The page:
Investors awaiting their first peek at Twitter Inc.’s financials will focus on one key data point: how much the microblogging service makes from each pair of eyes.
Twitter, which said last month that it confidentially filed for an initial share sale, will publicly disclose its prospectus this week, according to people with knowledge of the matter. Money managers such as Manulife Asset Management LLC and Thornburg Investment Management Inc. want to know how good a job Twitter is doing wringing revenue from each user -- and how it stacks up against competitors.
The metric to beat is about $2.17 per user. That’s what Facebook posted for the second quarter, based on company filings as well as data from digital-media research firm ComScore Inc., which includes only desktop visitors. LinkedIn Corp. comes in at about $1.93 per user, using the same metrics. Twitter had 181 million unique visitors in the second quarter, according to ComScore, meaning it would need quarterly sales to be at least $393 million to top Facebook.
“The big thing is, what is their revenue per user and compare that to Facebook,” Tim Cunningham, a fund manager at Thornburg Investment Management, which oversees about $91 billion in assets, said by phone from Santa Fe, New Mexico. “The biggest problem with these companies is they have not figured out a great way to monetize their users.”
Cunningham said while his fund is eyeing Twitter for a potential investment, it’s waiting for the filing to get more information.
A big question for investors when Facebook went public last year was the company’s ability to make money from people who access the social network on wireless devices. Mobile monetization is less of an issue for Twitter, which gets more than half of its revenue from ads on smartphones and tablets, according to EMarketer Inc., outpacing bigger competitors including Facebook.
Jim Prosser, a spokesman for Twitter, and Doug Madey, a spokesman for LinkedIn, declined to comment. Facebook didn’t immediately respond to a request outside normal business hours seeking comment on average revenue per user comparisons.
Facebook, after increasing the price and number of shares, debuted in May 2012 in the biggest IPO for a technology company. The social network lost half of its value following its offering as it struggled to profit from its growing base of mobile users.
Twitter is more “mobile-device centric,” said Michael Scanlon, managing director at Manulife Asset Management.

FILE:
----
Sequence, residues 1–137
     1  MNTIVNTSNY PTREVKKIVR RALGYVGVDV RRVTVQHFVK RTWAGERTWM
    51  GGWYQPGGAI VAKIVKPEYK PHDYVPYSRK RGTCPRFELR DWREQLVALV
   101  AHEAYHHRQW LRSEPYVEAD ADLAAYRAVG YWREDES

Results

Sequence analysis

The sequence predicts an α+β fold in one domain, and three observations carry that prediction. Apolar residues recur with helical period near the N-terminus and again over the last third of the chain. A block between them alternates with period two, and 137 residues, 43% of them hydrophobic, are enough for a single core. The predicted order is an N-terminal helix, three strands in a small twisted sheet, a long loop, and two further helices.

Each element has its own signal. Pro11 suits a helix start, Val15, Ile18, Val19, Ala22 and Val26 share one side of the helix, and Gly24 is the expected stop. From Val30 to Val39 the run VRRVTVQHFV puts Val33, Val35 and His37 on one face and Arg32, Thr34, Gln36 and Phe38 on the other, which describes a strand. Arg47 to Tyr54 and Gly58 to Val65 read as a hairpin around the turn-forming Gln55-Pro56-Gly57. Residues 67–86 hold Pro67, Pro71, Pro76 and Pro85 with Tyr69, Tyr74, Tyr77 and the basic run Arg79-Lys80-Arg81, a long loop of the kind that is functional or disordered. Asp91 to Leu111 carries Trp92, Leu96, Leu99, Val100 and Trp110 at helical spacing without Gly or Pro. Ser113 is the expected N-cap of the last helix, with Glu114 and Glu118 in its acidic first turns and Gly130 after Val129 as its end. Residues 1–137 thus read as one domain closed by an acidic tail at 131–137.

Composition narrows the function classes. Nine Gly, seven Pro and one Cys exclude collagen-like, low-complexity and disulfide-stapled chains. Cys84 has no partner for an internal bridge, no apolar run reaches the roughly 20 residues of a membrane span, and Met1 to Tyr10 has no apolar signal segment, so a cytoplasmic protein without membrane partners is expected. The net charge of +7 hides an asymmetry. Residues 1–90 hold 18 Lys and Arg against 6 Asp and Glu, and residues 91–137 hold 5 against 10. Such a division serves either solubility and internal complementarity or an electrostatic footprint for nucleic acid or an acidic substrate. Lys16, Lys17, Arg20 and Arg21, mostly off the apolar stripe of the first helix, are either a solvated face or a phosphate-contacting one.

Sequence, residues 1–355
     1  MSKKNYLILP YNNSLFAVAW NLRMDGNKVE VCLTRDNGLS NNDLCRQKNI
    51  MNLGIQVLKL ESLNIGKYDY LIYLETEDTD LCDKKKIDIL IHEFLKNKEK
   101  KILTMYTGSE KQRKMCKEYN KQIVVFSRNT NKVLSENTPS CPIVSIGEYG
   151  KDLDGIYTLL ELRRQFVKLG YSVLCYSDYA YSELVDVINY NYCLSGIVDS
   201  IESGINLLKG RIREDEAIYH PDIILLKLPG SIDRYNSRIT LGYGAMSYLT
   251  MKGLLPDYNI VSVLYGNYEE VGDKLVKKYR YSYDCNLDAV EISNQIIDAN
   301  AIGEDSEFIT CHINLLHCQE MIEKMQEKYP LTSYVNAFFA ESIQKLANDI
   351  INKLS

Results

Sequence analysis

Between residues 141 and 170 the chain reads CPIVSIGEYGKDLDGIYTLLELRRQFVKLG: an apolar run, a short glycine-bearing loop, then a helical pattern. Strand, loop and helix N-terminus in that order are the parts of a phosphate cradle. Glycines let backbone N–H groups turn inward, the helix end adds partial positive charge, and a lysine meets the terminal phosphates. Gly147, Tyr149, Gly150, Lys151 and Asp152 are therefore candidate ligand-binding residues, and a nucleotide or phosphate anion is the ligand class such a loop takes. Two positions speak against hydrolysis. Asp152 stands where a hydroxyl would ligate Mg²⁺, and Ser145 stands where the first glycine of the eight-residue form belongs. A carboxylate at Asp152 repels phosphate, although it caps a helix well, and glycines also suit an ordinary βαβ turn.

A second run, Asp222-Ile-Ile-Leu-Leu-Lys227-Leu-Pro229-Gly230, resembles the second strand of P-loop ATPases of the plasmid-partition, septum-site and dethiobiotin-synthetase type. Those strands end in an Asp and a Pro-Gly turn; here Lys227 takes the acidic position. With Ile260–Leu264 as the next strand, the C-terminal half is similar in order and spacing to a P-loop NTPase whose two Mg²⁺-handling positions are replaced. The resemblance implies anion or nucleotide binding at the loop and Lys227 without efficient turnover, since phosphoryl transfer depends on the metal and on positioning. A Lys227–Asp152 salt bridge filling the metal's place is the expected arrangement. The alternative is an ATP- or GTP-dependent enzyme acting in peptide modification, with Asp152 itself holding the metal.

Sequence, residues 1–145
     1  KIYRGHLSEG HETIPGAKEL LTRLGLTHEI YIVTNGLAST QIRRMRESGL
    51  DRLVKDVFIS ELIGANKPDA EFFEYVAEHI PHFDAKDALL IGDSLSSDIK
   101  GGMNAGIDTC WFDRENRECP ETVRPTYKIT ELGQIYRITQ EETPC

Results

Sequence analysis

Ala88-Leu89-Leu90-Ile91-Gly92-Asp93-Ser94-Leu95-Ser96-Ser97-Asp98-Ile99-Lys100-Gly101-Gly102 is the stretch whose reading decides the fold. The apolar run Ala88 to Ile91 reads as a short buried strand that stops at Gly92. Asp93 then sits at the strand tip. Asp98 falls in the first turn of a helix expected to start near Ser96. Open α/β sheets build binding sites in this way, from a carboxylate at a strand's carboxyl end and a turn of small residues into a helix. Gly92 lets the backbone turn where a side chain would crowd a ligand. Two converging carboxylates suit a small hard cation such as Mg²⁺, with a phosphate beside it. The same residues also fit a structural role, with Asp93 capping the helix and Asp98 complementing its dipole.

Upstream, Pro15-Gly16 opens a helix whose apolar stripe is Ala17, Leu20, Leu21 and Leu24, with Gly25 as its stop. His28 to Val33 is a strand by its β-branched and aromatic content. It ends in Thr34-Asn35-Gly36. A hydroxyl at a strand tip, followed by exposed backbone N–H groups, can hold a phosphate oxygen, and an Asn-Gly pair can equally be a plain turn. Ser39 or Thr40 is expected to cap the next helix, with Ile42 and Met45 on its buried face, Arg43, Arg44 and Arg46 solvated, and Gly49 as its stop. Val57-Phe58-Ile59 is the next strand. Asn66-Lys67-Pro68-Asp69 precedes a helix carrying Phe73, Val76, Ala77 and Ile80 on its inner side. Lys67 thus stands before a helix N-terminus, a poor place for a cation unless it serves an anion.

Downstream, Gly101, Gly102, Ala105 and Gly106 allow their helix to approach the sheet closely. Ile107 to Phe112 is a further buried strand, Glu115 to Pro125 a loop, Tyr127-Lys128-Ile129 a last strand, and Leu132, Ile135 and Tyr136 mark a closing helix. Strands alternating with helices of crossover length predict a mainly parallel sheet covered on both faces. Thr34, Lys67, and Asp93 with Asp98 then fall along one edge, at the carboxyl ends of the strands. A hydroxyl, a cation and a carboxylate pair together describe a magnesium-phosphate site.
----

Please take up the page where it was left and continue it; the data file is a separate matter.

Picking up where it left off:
The average revenue per user metric is how investors truly measure the “hook” of the social media business and what they’ll be looking at when valuing the company, he said.
Reaching second-quarter sales of $393 million would be a stretch for Twitter, which is projected by EMarketer to post $582.8 million in revenue for the full year. Twitter’s ability to surpass its $10.5 billion private-market valuation may be complicated if its monetization rates turn out to be much lower than that of Facebook and LinkedIn, investors said.
If Twitter “starts to get priced to the point where the revenue multiple is far in excess of where these other guys are trading relative to their growth prospects, that valuation could cause us not to buy shares,” Scanlon, who helps manage $3 billion including the John Hancock Balanced Fund, said from Boston.
As of yesterday, Facebook is trading at about 20 times sales over the past 12 months, after debuting at 12 times in May 2012, data compiled by Bloomberg show. LinkedIn’s multiple jumped to 22 times sales, more than triple where it started trading two years ago. Facebook revenue per user in the second quarter was $1.60, according to a July regulatory filing from the company. That measure includes mobile users, and comparable data isn’t available for Twitter.
Investors were spooked in February when Facebook forecast average revenue per user to decline as the social network expanded globally to areas where ad spending is lower. Unlike Facebook and Twitter, LinkedIn generates about three-quarters of its revenue from subscriptions and premium services.
Lou Kerner, founder of the Social Internet Fund, says at the IPO stage, investors should focus less on Twitter’s revenue and more on the growth rate of an engaged user base.
“I don’t care if their revenue is zero,” Kerner, who invests in private shares of rapidly growing mobile and social media companies, said by phone from New York. “What’s important is that they have an engaged user base because advertisers will pay to reach them.”
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